After killing the men who tried to steal her father’s research, Juliet—along with Montgomery, Lucy, Balthazar, and a deathly ill Edward—has escaped to a remote estate on the Scottish moors. Owned by the enigmatic Elizabeth von Stein, the mansion is full of mysteries and unexplained oddities: dead bodies in the basement, secret passages, and fortune-tellers who seem to know Juliet’s secrets. Though it appears to be a safe haven, Juliet fears new dangers may be present within the manor’s own walls.
Then Juliet uncovers the truth about the manor’s long history of scientific experimentation—and her own intended role in it—forcing her to determine where the line falls between right and wrong, life and death, magic and science, and promises and secrets. And she must decide if she’ll follow her father’s dark footsteps or her mother’s tragic ones, or whether she’ll make her own.
With inspiration from Mary Shelley’s Frankenstein, this breathless conclusion to the Madman’s Daughter trilogy is about the things we’ll sacrifice to save those we love—even our own humanity.
A Cold Legacy was the perfect conclusion to The Madman’s Daughter trilogy. Each book is progressively darker than the last so that, you, as a reader, descend with Juliet down the spiral of madness. Book one, Juliet is fearful of her father and his experiments, fearful of the darkness that she fears lies within her. Book two, Juliet struggles with the darkness and and toes the line between good and evil. Book three, Juliet’s struggle is less with good versus evil, and more with what degree of darkness accepting the darkness. The covers of the books illustrate this perfectly.
It is also darker in a more sophisticated way than the others. Instead of evil scientists and murderous creatures, A Cold Legacy discusses the fine line between life and death and questions our ability to play God. There is no major villain, no single source of darkness, but I would argue, much darker themes of sacrifice, justifying evil, responsibility, and of course, due to inspiration from Frankenstein, life and death. How far will you go to save a loved one? There are horrific deaths and things that are worse than death. There are gory surgeries and corpses. Everything I could have possibly asked for.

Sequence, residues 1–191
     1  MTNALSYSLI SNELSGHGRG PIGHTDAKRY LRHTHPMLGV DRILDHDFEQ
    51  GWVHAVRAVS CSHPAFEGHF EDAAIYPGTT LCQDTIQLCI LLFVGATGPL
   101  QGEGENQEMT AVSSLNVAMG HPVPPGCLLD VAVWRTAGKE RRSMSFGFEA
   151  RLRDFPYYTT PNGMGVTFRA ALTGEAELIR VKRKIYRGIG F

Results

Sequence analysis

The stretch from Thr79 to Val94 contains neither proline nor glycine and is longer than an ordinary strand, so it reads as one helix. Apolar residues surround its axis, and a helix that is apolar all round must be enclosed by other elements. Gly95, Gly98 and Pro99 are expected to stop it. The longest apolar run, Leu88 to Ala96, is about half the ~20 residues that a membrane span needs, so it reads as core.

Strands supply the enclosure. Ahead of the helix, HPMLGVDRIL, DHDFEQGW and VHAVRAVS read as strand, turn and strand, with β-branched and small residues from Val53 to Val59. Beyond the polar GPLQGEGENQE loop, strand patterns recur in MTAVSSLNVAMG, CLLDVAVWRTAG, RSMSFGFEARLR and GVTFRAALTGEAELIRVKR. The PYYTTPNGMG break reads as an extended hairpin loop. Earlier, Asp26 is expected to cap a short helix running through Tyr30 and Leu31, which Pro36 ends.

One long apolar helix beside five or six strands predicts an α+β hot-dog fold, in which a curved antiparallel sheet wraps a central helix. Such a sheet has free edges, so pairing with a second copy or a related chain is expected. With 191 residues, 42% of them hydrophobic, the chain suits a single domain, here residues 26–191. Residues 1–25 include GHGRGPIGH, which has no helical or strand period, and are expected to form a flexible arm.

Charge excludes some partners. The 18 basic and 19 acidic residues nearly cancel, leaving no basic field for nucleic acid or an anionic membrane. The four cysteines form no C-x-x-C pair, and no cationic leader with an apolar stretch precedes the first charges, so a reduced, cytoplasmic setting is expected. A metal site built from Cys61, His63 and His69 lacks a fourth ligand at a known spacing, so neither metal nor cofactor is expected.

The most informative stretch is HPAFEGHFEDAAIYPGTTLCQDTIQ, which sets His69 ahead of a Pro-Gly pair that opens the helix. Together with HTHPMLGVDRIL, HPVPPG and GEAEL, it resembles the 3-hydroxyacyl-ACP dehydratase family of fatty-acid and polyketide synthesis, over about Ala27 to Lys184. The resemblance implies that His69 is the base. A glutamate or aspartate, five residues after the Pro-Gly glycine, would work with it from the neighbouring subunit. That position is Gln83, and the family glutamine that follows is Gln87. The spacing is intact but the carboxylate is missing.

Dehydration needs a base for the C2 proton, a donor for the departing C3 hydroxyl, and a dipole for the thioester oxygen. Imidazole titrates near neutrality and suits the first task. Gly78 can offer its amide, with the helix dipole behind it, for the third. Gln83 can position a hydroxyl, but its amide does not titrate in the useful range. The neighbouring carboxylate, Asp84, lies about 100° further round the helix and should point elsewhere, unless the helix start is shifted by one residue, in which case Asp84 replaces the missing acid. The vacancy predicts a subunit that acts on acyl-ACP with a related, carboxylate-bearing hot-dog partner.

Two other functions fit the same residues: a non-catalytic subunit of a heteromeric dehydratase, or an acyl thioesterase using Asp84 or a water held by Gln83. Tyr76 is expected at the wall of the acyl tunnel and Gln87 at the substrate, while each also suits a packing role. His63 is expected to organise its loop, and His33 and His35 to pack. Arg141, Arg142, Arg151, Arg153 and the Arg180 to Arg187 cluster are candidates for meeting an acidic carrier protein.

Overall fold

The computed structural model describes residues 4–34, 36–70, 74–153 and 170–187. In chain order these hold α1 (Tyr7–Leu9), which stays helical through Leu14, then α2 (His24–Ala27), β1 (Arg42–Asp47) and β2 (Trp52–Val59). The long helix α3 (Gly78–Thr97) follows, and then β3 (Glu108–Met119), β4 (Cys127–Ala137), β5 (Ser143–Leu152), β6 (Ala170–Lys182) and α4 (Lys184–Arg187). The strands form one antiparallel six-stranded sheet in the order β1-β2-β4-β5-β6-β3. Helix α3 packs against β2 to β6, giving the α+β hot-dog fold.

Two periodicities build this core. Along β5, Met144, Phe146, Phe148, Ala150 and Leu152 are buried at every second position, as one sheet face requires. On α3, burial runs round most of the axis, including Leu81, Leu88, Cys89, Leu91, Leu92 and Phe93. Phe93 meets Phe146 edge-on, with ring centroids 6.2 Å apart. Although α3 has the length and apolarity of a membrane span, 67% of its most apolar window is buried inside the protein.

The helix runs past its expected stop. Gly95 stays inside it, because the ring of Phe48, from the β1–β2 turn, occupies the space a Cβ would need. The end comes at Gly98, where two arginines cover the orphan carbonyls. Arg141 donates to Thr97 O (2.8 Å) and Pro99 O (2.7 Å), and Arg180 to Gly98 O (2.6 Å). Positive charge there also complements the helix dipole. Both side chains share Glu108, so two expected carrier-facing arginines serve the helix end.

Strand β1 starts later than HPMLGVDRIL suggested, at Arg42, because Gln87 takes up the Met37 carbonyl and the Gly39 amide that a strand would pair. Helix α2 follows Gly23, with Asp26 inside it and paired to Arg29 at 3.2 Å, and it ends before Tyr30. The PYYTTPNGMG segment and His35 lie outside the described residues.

Juliet’s character arc is wonderful. Watching her go from a servant, deathly afraid of the madness within her to a powerful women who embraces who she is and recognizes that she can choose her own path in life was pretty amazing. Lucy grows tremendously as well and becomes a surprising foil for Juliet. She is much more important to the story than she was in book one and played a crucial role. Elizabeth was, I don’t want to say a surprise, but a little but unexpected. I also appreciated how the characters arcs tied in to the themes of the novel. It was extremely well constructed.
The novel is mysterious and tense, slightly haunting, with just the right amount of horror. Never a slow moment. I actually feel l that Shepherd tried to put to much in this one novel, but there was so much that needed to happen. I would have appreciated a longer book so that there would be more time to develop all the ideas that are presented in the novel. However, that could just be me wanting to spend more time with Juliet.
Ultimately, I think, the main question the novel posed is one of fate. The fundamental question of nature versus nurture. How much control do we really have over our own actions?
I highly recommend this trilogy.